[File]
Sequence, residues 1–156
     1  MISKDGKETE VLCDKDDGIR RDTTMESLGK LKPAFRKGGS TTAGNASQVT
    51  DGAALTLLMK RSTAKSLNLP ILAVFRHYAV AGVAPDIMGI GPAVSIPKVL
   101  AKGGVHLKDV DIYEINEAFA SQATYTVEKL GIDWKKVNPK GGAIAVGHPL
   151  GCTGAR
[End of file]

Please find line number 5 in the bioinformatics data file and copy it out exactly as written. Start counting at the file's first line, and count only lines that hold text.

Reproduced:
   151  GCTGAR